Usually, the last thing a singer wants to do after finishing a show is give interviews. But Billy Bragg, despite having finished two shows in Northampton, Mass., this April evening, is more than happy to get on the phone and gab.
What makes him so eager? Perhaps it's because Bragg, after weeks of being cooped up in a London recording studio working on his next album, just got back from a camping trip in Arizona.
"It was really good," he says of the vacation. "Otherwise, I would have gone straight out of the studio and onto the road. And I've done too many tours where I was in the studio the last night before the tour.
"I mean, I actually did a tour once where we'd been compiling the master tape, putting the songs in the right order, all night. They dropped me off at 7 a.m., and at 9 -- two hours later -- someone came to take me to the airport to come to America and do a tour. So [the camping trip] was my way of thinking up an excuse to get out here earlier, as long as I was coming across the Atlantic anyway."
Even with reasonable hours in the studio, though, Bragg finds record-making "a bit of a chore. Because I enjoy performing live, and the rapport you have with the live audience.
"And also," he adds, "in the studio you have to sing on key all the time."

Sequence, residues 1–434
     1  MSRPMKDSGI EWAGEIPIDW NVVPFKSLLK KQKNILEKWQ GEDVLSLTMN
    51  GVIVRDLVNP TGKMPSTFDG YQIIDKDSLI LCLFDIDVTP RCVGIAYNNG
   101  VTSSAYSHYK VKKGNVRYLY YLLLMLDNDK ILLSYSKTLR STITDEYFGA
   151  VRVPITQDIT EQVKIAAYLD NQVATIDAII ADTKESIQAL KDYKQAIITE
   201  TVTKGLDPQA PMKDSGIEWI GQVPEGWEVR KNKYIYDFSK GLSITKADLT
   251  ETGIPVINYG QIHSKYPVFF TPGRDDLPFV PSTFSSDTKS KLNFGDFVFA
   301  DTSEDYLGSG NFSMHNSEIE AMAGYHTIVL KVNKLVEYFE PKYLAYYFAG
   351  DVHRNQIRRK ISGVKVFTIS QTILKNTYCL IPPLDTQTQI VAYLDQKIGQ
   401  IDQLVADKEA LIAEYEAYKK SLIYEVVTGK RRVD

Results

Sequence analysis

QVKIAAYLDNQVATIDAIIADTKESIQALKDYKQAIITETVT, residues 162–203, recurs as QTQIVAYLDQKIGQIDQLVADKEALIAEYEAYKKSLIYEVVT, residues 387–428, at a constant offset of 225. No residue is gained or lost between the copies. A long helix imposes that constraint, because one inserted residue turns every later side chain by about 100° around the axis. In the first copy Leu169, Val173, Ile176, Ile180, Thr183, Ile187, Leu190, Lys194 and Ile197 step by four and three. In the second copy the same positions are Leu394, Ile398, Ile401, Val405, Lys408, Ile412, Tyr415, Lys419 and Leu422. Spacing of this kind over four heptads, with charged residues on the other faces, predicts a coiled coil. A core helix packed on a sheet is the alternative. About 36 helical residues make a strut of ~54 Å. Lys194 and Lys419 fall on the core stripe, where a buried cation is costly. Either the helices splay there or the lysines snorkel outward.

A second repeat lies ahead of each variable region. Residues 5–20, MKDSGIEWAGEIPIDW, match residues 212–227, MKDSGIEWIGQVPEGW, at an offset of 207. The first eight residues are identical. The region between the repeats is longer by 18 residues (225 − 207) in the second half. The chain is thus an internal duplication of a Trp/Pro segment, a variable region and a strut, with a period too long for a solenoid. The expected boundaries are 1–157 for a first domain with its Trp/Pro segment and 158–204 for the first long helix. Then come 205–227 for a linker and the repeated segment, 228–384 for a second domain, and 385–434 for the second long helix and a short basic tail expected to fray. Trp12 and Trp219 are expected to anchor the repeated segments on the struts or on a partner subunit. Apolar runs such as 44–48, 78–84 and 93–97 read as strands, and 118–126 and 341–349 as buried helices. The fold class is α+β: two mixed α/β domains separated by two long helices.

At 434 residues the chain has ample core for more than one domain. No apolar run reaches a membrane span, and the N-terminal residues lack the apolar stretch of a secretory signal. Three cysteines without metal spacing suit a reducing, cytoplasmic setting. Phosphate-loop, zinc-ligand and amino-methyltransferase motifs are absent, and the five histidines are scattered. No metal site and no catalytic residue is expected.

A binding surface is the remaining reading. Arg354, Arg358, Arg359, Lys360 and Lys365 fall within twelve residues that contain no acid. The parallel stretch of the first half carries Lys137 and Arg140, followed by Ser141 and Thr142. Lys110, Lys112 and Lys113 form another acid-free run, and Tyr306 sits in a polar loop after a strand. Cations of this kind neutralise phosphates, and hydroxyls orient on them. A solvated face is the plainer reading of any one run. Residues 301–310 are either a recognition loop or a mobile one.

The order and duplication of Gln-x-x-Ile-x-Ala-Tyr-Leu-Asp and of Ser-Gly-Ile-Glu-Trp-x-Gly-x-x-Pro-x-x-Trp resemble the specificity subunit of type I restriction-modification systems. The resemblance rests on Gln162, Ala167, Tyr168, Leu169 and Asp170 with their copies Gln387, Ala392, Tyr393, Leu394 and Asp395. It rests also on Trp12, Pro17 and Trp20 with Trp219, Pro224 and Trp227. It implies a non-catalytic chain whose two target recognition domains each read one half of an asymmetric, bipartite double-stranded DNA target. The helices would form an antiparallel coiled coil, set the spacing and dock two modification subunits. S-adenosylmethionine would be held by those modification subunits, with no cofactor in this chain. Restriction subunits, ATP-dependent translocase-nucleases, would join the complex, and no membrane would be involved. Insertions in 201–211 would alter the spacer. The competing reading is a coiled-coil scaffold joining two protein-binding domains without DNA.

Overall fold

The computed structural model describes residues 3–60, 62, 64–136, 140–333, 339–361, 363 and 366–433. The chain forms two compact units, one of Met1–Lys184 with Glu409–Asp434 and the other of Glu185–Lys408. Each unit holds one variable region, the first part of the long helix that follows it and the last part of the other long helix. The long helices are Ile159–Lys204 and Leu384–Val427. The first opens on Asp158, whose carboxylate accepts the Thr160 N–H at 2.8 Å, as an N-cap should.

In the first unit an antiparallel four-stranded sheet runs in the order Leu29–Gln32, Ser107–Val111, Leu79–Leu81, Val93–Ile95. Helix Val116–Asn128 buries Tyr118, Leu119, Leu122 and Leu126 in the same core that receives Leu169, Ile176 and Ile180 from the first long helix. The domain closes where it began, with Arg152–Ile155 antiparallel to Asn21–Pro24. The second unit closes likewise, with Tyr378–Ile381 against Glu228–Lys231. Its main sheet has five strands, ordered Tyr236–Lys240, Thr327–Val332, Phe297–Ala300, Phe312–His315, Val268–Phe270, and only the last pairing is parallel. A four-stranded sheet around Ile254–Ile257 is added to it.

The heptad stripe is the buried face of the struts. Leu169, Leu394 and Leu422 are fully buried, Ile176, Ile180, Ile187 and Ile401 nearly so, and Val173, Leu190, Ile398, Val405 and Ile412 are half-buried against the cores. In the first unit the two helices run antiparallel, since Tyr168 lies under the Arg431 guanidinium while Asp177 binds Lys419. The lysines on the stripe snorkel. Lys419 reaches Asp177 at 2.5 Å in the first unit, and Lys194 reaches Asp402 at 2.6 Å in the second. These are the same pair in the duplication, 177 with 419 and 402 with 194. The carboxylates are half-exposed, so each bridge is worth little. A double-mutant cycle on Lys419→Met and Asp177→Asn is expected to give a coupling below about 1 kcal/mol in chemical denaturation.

Asked if that sort of thing can't be fixed electronically, using some studio gizmo or other, Bragg just laughs.
"I wish," he says. "I think they're one of those mythical things, where you switch 'em on and everybody sounds like Milli Vanilli. But don't you think I'd have been singing in tune all these years if those things existed? Don't you think the record company would have forced me to have one?"
He's teasing, of course, but Bragg's unwillingness to trick up his albums with technology is no joke. "I think there has long been a split between those who do it in the studio and bring technology to the fore, and those of us who do it live and put songwriting and content to the fore."
Which may be why Bragg, despite his punkish elocution and devotion to electric guitar, is frequently referred to as a folk singer. Still, it's a tag that leaves him more than a little uneasy.
"I've always tried to get out of categories," he explains. "I thin the distinction is where people have their roots. I have my roots in a traditional kind of music, but it's a tradition that includes the Clash, that includes the Rolling Stones, and that includes Bob Dylan."
When: April 25, 8 p.m.
Where: Shriver Hall, Johns Hopkins University.